ANKH and susceptibility to and severity of ankylosing spondylitis

Fernando Manuel Pimentel-Santos, Dario Ligeiro, Mafalda Matos, Ana Filipa Mourão, Elsa Vieira De Sousa, Patricia Pinto, Ana Ribeiro, Helena Santos, Anabela Barcelos, Fatima Godinho, Margarida Cruz, Joao Eurico Fonseca, Henrique Guedes-Pinto, Helder Trindade, Matthew A. Brown, Jaime C. Branco, A. A. De Matos, C. Ribeiro, J. Bravo Pimentão, M. MateusP. Nero, P. Araújo, S. Falcão, T. L. Pinto, W. Castelão, J. Caetano-Lopes, C. Silva, E. Simões, H. Madeira, J. Vaz Patto, J. Ferreira, M. Micaelo, M. J. Mediavilla, M. Sousa, P. Soares Branco, J. Canas Da Silva, S. Garcês, V. Tavares, J. A. Costa, L. Costa, M. C. Afonso, M. Bogas, S. Alcino, I. Silva, C. Ambrósio, G. Sequeira, A. R. Cravo, R. A. Santos

Research output: Contribution to journalArticle

6 Citations (Scopus)

Abstract

Objective. Unconfirmed reports describe association of ankylosing spondylitis (AS) with several candidate genes including ANKH. Cellular export of inorganic pyrophosphate is regulated by the ANK protein, and mutant mice (ank/ank), which have a premature stop codon in the 3′ end of the ank gene, develop severe ankylosis. We tested the association between single-nucleotide polymorphisms (SNP) in these genes and susceptibility to AS in a population of patients with AS. We investigated the role of these genes in terms of functional (BASFI) and metrological (BASMI) measures, and the association with radiological severity (mSASSS). Methods. Our study was conducted on 355 patients with AS and 95 ethnically matched healthy controls. AS was defined according to the modified New York criteria. Four SNP in ANKH (rs27356, rs26307, rs25957, and rs28006) were genotyped. Association analysis was performed using Cochrane-Armitage and linear regression tests for dichotomous and quantitative variables. Analyses of Bath Ankylosing Spondylitis Disease Activity Index (BASDAI), BASFI, and mSASSS were controlled for sex and disease duration. Results. None of the 4 markers showed significant single-locus disease associations (p > 0.05), suggesting that ANKH was not a major determinant of AS susceptibility in our population. No association was observed between these SNP and age at symptom onset, BASDAI, BASFI, BASMI, or mSASSS. Conclusion. These results confirm data in white Europeans that ANKH is probably not a major determinant of susceptibility to AS. ANKH polymorphisms do not markedly influence AS disease severity, as measured by BASMI and mSASSS. The Journal of Rheumatology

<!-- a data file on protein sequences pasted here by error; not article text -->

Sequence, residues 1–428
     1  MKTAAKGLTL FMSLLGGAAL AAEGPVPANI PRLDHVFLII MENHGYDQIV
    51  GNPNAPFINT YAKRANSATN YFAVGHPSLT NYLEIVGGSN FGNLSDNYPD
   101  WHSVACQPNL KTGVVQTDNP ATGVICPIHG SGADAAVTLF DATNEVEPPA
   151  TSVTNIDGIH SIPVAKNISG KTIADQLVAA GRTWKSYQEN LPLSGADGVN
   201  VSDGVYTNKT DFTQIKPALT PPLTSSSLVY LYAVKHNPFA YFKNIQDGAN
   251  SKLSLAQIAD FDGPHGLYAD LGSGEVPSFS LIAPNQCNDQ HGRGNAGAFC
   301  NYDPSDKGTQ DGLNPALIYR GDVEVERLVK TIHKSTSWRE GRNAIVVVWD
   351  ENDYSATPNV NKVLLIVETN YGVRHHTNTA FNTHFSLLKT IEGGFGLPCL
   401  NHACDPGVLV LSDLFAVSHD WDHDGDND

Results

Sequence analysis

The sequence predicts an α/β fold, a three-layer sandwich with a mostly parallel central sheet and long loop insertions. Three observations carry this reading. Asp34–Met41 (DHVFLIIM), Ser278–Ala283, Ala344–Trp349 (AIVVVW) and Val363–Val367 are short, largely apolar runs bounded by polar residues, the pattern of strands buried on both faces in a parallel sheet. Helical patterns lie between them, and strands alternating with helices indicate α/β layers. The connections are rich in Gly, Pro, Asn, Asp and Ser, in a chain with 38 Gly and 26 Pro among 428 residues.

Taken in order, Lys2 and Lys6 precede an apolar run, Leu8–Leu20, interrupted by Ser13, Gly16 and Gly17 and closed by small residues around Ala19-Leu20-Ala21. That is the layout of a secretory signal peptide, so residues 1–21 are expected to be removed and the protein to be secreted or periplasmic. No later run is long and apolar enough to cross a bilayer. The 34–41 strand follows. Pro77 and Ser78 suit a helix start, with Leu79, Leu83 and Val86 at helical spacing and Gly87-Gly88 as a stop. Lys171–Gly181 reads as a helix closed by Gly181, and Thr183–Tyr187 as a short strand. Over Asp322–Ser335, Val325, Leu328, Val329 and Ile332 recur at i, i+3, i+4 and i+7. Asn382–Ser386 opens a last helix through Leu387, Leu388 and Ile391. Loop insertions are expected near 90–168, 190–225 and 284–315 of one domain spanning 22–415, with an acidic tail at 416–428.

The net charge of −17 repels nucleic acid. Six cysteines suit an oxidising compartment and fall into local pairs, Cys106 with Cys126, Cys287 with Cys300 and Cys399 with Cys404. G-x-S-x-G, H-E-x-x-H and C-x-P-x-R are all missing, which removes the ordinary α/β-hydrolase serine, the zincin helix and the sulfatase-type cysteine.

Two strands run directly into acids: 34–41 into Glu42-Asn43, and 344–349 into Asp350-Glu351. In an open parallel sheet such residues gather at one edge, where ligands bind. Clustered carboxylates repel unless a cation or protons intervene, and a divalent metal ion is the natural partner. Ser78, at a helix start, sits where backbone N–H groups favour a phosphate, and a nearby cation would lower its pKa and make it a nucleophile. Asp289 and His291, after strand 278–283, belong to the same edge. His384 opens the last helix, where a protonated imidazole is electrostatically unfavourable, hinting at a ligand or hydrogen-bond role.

Original languageEnglish
Pages (from-to)131-134
Number of pages4
JournalJournal of Rheumatology
Volume39
Issue number1
DOIs
Publication statusPublished - 1 Jan 2012

Keywords

  • Ankylosing spondylitis
  • Genetic predisposition
  • Morbidity

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